Franciscan Friar Fr. Paul Gallagher reflects on the Gospel for the Ascension of the Lord. Jesus’ command is that we are to make disciples of people of every nation, to baptize, and to teach everything that Jesus taught. How do you feel about being commissioned by Jesus?
The content is edited by Franciscan Sister of Christian Charity Sister Anne Marie Lom and Joe Thiel. The excerpts from the Sunday readings are prepared by Joe Thiel. To read or download the complete pdf with excerpts for your prayer, please click here Franciscan Gospel Reflection May 21 2023. Excerpts are from the Lectionary for Mass for Use in the Dioceses of the United States of America, second typical edition © 2001, 1998, 1997, 1986, 1970 Confraternity of Christian Doctrine, Inc., Washington, DC. Used with permission. All rights reserved. No portion of this text may be reproduced by any means without permission in writing from the copyright owner.
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The eleven disciples went to Galilee, to the mountain to which Jesus had ordered them. When they saw him, they worshiped, but they doubted. Then Jesus approached and said to them, “All power in heaven and on earth has been given to me. Go, therefore, and make disciples of all nations, baptizing them in the name of the Father, and of the Son, and of the Holy Spirit, teaching them to observe all that I have commanded you. And behold, I am with you always, until the end of the age.”
Matthew devotes only twenty verses (chapter 28) to the resurrection. It would be worth reading the chapter in its entirety. But here is a summary of the events as they are recorded by Matthew:
At dawn on the first day of the week both Mary and Mary Magdalene went to the tomb. They witnessed an earthquake and an angel rolling back the stone from the cave. The angel instructed them to go to the disciples and tell them, “He has been raised from the dead, and he is going before you to Galilee; there you will see him.” (Matthew 28:7) The Marys left the tomb fearful yet overjoyed and ran to the disciples. On their way they encountered Jesus himself who told them, “Do not be afraid, go tell my brothers to go to Galilee and there they will see me.” (Matthew 28:10) They were frightened but ran to tell the disciples. Soldiers who had been guarding the tomb told the high priests what had happened. The chief priests and the leaders met and decided to bribe the soldiers to say that Jesus’ disciples had come in the night and carried off the body. The soldiers took the money and did as they were told. Matthew states that the people of Judea still tell this story. The remainder of the chapter is the text for this Sunday’s Gospel.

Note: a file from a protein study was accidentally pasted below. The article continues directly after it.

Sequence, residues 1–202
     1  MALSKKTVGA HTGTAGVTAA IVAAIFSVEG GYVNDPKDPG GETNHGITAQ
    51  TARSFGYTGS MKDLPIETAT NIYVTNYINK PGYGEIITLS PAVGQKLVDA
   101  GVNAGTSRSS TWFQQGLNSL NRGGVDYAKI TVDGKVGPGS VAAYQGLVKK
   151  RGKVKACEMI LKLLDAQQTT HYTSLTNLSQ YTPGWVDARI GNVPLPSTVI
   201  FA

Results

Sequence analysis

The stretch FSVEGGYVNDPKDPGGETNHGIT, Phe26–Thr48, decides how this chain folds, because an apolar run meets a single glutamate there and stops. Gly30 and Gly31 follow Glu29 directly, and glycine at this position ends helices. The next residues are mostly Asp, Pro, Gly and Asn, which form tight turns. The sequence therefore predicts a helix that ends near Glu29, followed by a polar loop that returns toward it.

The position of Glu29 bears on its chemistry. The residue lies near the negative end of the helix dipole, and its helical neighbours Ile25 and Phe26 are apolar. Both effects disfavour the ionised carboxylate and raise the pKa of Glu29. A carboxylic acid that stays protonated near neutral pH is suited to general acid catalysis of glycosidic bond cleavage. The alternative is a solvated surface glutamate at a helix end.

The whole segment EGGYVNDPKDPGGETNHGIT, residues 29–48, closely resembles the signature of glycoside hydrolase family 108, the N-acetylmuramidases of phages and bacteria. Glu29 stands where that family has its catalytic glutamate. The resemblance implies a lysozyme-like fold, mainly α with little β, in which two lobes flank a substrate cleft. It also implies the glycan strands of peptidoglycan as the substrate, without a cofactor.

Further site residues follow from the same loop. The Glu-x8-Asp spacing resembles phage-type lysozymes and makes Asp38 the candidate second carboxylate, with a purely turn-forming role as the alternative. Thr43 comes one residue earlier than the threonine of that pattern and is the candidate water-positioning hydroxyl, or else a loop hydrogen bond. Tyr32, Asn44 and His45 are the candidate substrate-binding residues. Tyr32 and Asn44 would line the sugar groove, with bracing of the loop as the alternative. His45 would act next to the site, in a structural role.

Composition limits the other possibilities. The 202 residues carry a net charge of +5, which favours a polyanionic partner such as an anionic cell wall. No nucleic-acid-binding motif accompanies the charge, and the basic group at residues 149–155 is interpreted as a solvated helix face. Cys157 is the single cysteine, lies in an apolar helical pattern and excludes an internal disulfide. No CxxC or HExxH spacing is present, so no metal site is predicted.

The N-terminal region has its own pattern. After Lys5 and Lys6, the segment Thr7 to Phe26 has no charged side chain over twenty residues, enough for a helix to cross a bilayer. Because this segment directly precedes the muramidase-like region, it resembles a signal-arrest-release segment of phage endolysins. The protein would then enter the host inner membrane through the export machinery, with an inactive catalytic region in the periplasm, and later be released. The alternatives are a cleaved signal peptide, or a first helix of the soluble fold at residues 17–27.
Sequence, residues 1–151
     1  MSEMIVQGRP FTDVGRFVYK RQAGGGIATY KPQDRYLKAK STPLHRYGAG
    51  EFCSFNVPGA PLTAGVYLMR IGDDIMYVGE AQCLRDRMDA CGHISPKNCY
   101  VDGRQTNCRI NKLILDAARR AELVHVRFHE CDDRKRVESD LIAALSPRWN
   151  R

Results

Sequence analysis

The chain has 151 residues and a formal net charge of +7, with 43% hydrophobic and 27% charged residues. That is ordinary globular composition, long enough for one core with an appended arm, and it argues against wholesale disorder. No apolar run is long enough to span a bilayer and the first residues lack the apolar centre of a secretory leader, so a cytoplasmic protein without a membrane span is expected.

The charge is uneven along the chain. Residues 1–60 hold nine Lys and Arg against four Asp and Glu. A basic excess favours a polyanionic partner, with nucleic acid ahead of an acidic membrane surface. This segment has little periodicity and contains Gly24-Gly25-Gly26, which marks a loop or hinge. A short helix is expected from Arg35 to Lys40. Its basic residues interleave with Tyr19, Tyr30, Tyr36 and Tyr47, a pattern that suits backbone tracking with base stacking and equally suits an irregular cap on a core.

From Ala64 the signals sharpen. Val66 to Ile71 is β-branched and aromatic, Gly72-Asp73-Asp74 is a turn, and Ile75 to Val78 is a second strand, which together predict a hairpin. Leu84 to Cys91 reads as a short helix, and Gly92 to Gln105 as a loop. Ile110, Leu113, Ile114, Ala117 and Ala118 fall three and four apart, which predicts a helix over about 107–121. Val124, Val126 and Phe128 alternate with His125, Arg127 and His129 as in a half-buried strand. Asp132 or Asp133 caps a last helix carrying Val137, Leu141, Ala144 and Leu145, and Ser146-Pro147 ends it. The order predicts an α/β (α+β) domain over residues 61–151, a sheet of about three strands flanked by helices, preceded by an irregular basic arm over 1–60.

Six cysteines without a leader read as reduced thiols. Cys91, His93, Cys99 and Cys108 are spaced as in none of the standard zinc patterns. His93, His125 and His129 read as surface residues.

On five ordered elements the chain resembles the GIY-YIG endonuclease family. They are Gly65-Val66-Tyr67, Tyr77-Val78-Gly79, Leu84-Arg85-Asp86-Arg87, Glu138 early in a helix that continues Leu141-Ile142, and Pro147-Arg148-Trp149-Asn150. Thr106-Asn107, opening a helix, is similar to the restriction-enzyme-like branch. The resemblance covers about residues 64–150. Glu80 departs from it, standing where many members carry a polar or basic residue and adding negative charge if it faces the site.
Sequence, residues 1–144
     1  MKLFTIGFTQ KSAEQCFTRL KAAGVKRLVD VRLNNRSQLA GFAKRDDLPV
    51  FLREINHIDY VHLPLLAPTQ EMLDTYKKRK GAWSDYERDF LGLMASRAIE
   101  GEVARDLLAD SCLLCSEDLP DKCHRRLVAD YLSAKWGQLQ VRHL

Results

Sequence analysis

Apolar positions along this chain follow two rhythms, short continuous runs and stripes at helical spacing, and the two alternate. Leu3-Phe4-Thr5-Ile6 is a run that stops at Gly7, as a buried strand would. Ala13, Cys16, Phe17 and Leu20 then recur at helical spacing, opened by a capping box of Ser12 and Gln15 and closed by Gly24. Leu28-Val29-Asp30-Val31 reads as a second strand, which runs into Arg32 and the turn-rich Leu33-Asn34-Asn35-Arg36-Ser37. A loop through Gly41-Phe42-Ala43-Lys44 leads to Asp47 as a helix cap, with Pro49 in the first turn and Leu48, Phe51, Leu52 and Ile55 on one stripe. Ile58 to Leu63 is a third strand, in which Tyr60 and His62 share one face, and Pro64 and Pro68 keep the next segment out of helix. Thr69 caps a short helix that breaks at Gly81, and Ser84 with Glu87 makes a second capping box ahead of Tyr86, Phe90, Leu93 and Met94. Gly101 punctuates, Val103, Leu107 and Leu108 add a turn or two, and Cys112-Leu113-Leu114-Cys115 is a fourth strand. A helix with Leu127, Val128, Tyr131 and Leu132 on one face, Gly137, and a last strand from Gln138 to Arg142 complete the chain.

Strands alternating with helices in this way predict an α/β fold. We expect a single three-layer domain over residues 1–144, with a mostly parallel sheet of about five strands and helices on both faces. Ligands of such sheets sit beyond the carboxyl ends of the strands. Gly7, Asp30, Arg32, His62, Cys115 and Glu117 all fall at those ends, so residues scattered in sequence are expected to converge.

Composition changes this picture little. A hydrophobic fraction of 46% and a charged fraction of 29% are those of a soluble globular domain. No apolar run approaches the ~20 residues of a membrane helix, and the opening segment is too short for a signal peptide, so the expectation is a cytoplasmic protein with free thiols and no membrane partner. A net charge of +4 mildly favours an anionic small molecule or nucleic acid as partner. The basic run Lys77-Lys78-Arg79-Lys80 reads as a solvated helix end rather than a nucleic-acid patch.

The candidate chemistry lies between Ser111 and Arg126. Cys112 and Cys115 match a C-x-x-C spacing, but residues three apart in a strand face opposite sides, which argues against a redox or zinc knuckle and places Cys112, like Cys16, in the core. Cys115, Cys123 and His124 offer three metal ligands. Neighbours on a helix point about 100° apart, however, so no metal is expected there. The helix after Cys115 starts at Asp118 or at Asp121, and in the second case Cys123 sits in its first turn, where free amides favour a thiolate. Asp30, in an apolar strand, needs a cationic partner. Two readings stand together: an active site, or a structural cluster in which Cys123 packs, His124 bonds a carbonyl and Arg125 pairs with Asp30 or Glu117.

While Luke’s Gospel and Mark’s longer version of the Gospel’s ending speak of the ascension of Jesus, Matthew only hints at it. Here in Matthew, Jesus instructs the disciples to meet in Galilee, the place from which the ministry of Jesus first began. It will also be the place from which the disciples’ ministry will begin. They will encounter the risen Jesus on a mountaintop. Throughout the Gospel the mountain has been a place of prayer and revelation. (Matthew 5:1, 14:31, & 15:29) The mountain was also the place were Moses received his last instruction (Deuteronomy 32:48-33:29). Matthew indicates the disciples both worshiped and doubted when they encountered the risen Lord. Even in this extraordinary encounter, the disciples are capable of two seemingly opposite emotions.
The Gospel for today also demonstrates that the two Marys were faithful to what they had been commissioned to do: go tell the disciples. Despite being caught in the two emotions of joy and fear, they acted. The opening of the text reminds the reader that the disciples were also faithful to what was asked of them. They were instructed to go to Galilee to meet Jesus. They too were caught between two emotions: doubt and worship. But they were still commissioned “to make disciples of all the nations,” to baptize, and to teach (Matthew 28:19-20). Jesus’ earlier instruction to the disciples not to enter a pagan or Samaritan area has now been set aside (Matthew 10:5). They are to baptize in the name of the Father, the Son, and the Holy Spirit.
The fact that we will gather to celebrate this feast is evidence that the disciples were also faithful to the commissioning they received from Jesus in today’s Gospel. They and all who have come after them have been faithful in passing on their relationship with God from one person to the next, down to us. Because of this faithfulness from generation after generation, we gather as a Church to celebrate our relationship with the Father, Son, and Holy Spirit.
- How do you experience God?
- Have you ever had an extraordinary experience of God’s presence?
- What are some of the emotions you would use to describe your own experience of God’s presence?
- How do you understand your relationship to the Father, to the Son, and to the Holy Spirit?
- When the disciples saw Jesus, they worshiped, and they doubted. What does that suggest to you about their relationship to Jesus?
- Jesus’ command is that we are to make disciples of people of every nation, to baptize, and to teach everything that Jesus taught. How do you feel about being commissioned by Jesus?
- Where are the places that you are trying to live Jesus’ instruction?
- Can you take some time to talk with God about how you are feeling as you listen to this Gospel?